Dunwoody believes Sprinter Sacre can get better

Sprinter Sacre jockey Barry Geraghty
Sprinter Sacre jockey Barry Geraghty
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A YEAR after winning his steeplechasing debut in scintillating style at Doncaster, three-times champion jockey Richard Dunwoody says “the best is still to come” from Sprinter Sacre who is odds-on favourite for next year’s Queen Mother Champion Chase.

Dunwoody believes Nicky Henderson’s star can dominate the two-mile chasing for several seasons and perhaps match the feat of the Yorkshire-trained Badsworth Boy who won three successive renewals of the race in the 1980s.

Like David Bass who rode Sprinter Sacre to victory on Town Moor, Dunwoody was captivated by Sprinter Sacre’s success in the Grade One Tingle Creek Chase at Sandown last Saturday and how he reeled in the top-class runaway leader Sanctuaire with effortless ease.

“He’s got better with every race over fences. Based on the way he scooted-up at Sandown, then I still don’t think we’ve seen the best of him – the Champion Chase now looks his to lose,” says Dunwoody, who still laments never winning this contest in his distinguished career.

“I’ve certainly not seen a better two-mile chaser for some time and at just six-years-old, and not a lot else coming through the ranks, then he can dominate this division for a good while. He’s now six from six over the bigger obstacles. The way he disposed of Sanctuaire, a horse that was meant to be rated just 3lbs inferior to him, was exciting to say the least.”

Bass concurs. He was only booked for the ride in the six-runner Atteys Solicitors Novices’ Chase because Henderson’s stable jockey Barry Geraghty was at Cheltenham and Malton-born Andrew Tinkler was on the injury sidelines.

When the 24-year-old sat on Sprinter Sacre for the first time just four days before the horse’s long-awaited chase debut, he knew he was going to enjoy the ride of a lifetime. “He was just awesome. It all came so easily, he was a natural.”

Nevertheless the pressure was on as the field headed to the start in front of the stands. Sprinter Sacre, possibly the best horse ever trained by the record-breaking Henderson, had not raced since the previous March when chasing home the top-class Al Ferof – now a leading King George VI Chase contender – in the William Hill Supreme Novices’ Hurdle at Cheltenham Bass, still a three-pound claimer at the time because of his inexperience, wanted to keep it simple. “I tried to get a lead for as long as I could,” he said.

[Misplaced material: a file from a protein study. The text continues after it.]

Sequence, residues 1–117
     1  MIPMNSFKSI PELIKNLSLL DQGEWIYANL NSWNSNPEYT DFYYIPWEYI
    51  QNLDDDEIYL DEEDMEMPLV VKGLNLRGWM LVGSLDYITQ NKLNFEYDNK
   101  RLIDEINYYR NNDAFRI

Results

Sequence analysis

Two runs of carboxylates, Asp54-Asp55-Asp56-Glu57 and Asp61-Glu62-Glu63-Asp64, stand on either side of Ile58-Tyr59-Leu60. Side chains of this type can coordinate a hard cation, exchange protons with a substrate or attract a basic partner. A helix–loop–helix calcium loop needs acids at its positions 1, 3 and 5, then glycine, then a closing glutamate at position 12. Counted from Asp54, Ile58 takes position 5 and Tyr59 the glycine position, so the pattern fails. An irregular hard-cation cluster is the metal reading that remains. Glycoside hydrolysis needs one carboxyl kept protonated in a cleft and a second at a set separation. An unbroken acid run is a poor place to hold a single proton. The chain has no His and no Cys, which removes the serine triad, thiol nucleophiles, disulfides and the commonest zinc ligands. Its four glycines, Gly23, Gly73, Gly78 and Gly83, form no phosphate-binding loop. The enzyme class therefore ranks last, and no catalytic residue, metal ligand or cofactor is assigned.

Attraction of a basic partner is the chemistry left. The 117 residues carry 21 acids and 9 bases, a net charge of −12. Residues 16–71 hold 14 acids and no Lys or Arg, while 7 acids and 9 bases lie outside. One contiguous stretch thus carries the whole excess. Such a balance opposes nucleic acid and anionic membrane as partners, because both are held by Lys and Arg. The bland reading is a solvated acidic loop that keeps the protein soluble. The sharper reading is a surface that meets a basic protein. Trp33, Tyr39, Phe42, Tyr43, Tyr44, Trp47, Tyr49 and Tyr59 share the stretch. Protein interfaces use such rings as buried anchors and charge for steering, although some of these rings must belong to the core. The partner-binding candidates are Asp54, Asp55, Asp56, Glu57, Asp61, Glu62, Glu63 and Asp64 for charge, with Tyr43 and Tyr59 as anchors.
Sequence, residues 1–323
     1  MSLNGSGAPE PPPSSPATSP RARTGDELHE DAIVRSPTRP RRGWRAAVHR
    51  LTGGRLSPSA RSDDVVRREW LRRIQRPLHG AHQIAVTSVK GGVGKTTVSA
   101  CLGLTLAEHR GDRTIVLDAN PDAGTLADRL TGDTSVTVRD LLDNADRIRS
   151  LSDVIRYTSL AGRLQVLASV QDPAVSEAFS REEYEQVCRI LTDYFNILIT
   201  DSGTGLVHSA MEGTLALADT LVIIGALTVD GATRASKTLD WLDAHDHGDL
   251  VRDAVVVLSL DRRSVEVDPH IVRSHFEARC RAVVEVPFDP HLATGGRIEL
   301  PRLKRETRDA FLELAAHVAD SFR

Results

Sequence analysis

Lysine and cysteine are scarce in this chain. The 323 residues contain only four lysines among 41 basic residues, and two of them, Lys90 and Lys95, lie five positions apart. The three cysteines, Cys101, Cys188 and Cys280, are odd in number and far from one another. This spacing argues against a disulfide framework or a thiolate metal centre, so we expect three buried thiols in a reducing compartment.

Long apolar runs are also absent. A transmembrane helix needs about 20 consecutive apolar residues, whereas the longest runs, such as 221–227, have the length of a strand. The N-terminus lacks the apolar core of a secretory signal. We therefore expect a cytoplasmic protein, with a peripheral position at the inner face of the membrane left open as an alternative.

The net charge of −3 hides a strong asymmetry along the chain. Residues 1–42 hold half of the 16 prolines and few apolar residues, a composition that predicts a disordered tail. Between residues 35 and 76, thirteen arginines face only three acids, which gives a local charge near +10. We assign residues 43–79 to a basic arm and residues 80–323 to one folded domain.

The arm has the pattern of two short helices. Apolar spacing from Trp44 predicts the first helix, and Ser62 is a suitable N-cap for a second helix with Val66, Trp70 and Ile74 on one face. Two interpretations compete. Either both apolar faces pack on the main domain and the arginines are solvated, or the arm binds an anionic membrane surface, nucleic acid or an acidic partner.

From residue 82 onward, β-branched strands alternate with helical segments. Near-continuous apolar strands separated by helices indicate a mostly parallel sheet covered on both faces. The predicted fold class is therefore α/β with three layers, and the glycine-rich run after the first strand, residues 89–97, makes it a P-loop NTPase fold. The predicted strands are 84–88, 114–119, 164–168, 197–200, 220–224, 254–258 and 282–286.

Yet Sprinter Sacre was so good that he was leading by the fifth – before a sensational jump at the top of Rose Hill effectively sealed the contest. “I knew he would be a bit keen and a bit gassy, but his jumping was so good. He took a length out of every horse at each fence,” explained the rider.

The form book shows that Sprinter Sacre won by 24 lengths from Jake Greenall on Mick Easterby’s Lightening Rod who chased the victor in vain. There were a further 35 lengths to subsequent Catterick winner Altan Khan with the Keith Mercer-ridden King’s Counsel further adrift in fourth.

Yet Altan Khan’s jockey Dougie Costello remembers being called into the stewards room, along with Greenall and Mercer, to explain why they didn’t try hard enough. He was bemused. “I’ve never been so fast from the moment we jumped off, certainly over the first fences,” he said.

“David, he did a great job. He gave his boy a squeeze at the top of the hill and a gazelle would not have got there. He was outside the wing and they landed running. We just couldn’t keep up.

“There was Sprinter Sacre and the rest. I watched the Tingle Creek and the horse that finished third, Sanctuaire, is a fair tool. The difference is the great horses, they’re so quick in the air and get away from their fences.”

Bass recalls being greeted by Henderson’s assistant Ben Pauling after pulling the horse up – no mean feat. “I was smiling. Ben said ‘I’ve never seen you smile like this’. I’m not one for getting excited but I was pleased with myself that day,” said the rider who admits that his reputation would have taken a dent if he had come to grief.

Though in his fourth year at the Henderson yard, Bass is realistic enough to accept that Geraghty will not give up the ride unless he is injured.

Yet Bass is still excited when he sees Sprinter Sacre on the gallops where he is likened to an aeroplane. The horse will have one more outing before the Champion Chase – and the biggest obstacle is the superstar’s exuberance. “I don’t think I will ride a better jumper, probably not a better horse. He’s a freak. If he gets there in one piece, he’s a certainty for the Queen Mother,” said the jockey.